Ford Nix: Detroit bluegrass pioneer

On Sunday, October 14, before dawn, musician Ford Nix passed away in his sleep. A popular, yet humble man, Nix played an important role in Detroit’s 20th century country music scene.

Wilma Ann, Ford Nix, Curly Dan
Ford Nix (center) at a picking session with Curly Dan and Wilma Ann in Hazel Park, Michigan, late 1950s. (Courtesy Wilma Ann Holcomb)

On Sunday, October 14, before dawn, Ford Nix passed away in his sleep. A popular and personable man, Nix played a prominent role in Detroit’s 20th century country music scene.

Born in Blairsville, Georgia, in 1932, Nix was a young teen-ager when he discovered the music of Lester Flatt and Earl Scruggs. His humorous nature was pretty well developed, so he picked up a banjo and combined picking and comedy in his act. After working with Ramblin’ Tommy Scott’s medicine shows in the region, at age 17 he moved to Detroit, where he hired into a Chrysler factory. In Michigan he made the rounds of barn dances and nightclubs, including Casey Clark’s shows. At the time, Nix’s bluegrass style presented a unique sound among the western swing and honky tonk played by most groups in town.

Nix entered the air force in 1953, spending most of his deployment in Japan. He played music with air force buddies, including Harold Jenkins, later known as Conway Twitty. Four years later, Nix picked up where he left off in Detroit, returning to Chrysler and jamming with Ray Taylor and others. By then, bluegrass in Detroit was attracting crowds in nightclubs, with the likes of Jimmy Martin, Curly Dan, Buster Turner, Jimmy Lee Williams, and Marvin Cobb leading groups and cutting records.

Ford Nix and Bob Mason
Ford Nix and WEXL Royal Oak disk jockey Bob Clark, 1963. (Courtesy Ford Nix)

In 1959 Nix made his first record for Jim Henson’s Clix label in Troy, Michigan. In 1960 he joined the cast of Billy Martin’s “Michigan Jamboree,” a country music variety show on Jackson television. While keeping his job at Chrysler, Nix toured with stars from Nashville through the 1960s. He performed on Ernest Tubb’s “Midnight Jamboree” at WSM radio Nashville. He recorded with Wendy Smith at Fortune Records, and with the Supremes at Motown, where he cut some unreleased music (check out Robb Klein’s comment at the previous link). He also made his own albums, including one with Frank Buchanan, one of Bill Monroe’s Blue Grass Boys, along with Roy McGinnis and the Sunnysiders.

Nix traveled quite a bit, and became a well-known and respected entertainer in both country and bluegrass circles. He retired from Chrysler in 1981, and concentrated on several business ventures besides playing music. I tell a lengthier tale in the Detroit country music book, which includes plenty of quotations from the inimitable Ford Nix.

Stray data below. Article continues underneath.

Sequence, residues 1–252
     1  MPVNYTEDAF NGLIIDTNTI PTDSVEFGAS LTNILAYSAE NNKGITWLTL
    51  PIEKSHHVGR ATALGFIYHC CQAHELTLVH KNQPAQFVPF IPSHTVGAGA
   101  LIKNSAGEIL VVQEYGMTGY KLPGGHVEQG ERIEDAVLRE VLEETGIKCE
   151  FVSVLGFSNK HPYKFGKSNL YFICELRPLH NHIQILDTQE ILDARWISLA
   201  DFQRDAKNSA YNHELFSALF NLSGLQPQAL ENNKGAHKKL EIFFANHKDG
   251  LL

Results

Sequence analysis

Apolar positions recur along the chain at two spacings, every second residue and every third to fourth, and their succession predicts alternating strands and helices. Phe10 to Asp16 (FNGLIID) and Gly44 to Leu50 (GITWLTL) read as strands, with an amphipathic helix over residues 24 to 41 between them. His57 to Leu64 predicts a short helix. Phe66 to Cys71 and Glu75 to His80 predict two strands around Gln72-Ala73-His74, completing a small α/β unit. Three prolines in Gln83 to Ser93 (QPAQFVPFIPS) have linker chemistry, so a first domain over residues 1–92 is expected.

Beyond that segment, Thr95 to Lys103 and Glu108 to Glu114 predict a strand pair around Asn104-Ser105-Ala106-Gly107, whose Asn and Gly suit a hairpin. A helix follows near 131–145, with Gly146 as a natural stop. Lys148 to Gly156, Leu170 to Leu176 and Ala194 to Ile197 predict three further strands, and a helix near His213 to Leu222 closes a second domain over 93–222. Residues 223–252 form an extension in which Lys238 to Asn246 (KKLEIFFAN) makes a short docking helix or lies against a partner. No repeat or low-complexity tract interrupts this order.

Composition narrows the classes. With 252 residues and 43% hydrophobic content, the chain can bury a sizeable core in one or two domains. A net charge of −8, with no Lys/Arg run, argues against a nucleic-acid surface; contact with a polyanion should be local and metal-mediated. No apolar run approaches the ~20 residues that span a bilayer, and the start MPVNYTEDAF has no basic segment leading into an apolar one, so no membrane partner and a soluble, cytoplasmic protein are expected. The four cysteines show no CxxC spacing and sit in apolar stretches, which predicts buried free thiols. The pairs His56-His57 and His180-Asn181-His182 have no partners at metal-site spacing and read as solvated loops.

8 Comments. Leave new

  • I believe this trio used to practice across the street from our home on Hazelwood in Hazel Park. The Holcombs lived there and their son was Delmas Holcomb. As I recall, they called themselves the Danville Mountain Trio. As a kid I never knew what they were all about except that they practiced in their living room and we could hear it out on the street. That would have been about 1959 or 60. Nice folks. As a coincidence, about five years later I began a radio career at the nearby WEXL studios shown in the photo.

    Reply
    • That’s right, John. Curly Dan’s group was the Danville Mountain Trio. Thanks for sharing your memories. I would LOVE to learn more about your experiences at WEXL radio! Feel free to send a direct message via the contact page on this site.

      Reply
  • Butch Gross
    May 11, 2013 2:25 pm

    I was looking for where abouts of Curley Dan and Wilma Ann because we use to go to their home quite often. I took guitar lessons from him. When I found this web site, I saw the picture with Bob Mason, but we knew him as Bob Clark. My mother (Martine Gross) was the president of his fan club. I met Ford Nix a couple of times, though I don’t remember exactly where. I was only 10 at the time. The only other DJ I remember was “Big” Bill Samples, and that was in the day when the DJ’s even dressed the part when on location in the trailer. I still have some of the radio copies of the old 45’s we got from them. We had some great times at the shows at Cobo Hall and around. Just curious, but do you remember Jerry Limaneck from Windsor?
    I’m in Arkansas with my sister, and was just remembering some of the names of people from the past. I am in MD and have a group called the Antietam Gospel Trio,and singing for the Lord is FANTASTIC.
    May God Bless

    Reply
    • Thanks for sharing your memories, Butch. You’re correct about the DJ’s name – he was known as Bob Clark. An entire chapter is devoted to Curly Dan and Wilma Ann in my forthcoming book “Detroit Country Music: Mountaineers, Cowboys, and Rockabillies,” due in September 2013. Best wishes to you!

      Reply
  • I remember Ford and that double neck banjo . As a young man growing up in the Hazel Park and Royal Oak area I was a club musician and had the pleasure of playing with Ford several times . What great memories .

    Reply
  • steve muruga booker
    August 12, 2018 6:35 pm

    when i was 16 or 17 i did a gig with Ford it was among my first gigs on drums. I loved him what an influence…steve booker aka muruga booker

    Reply

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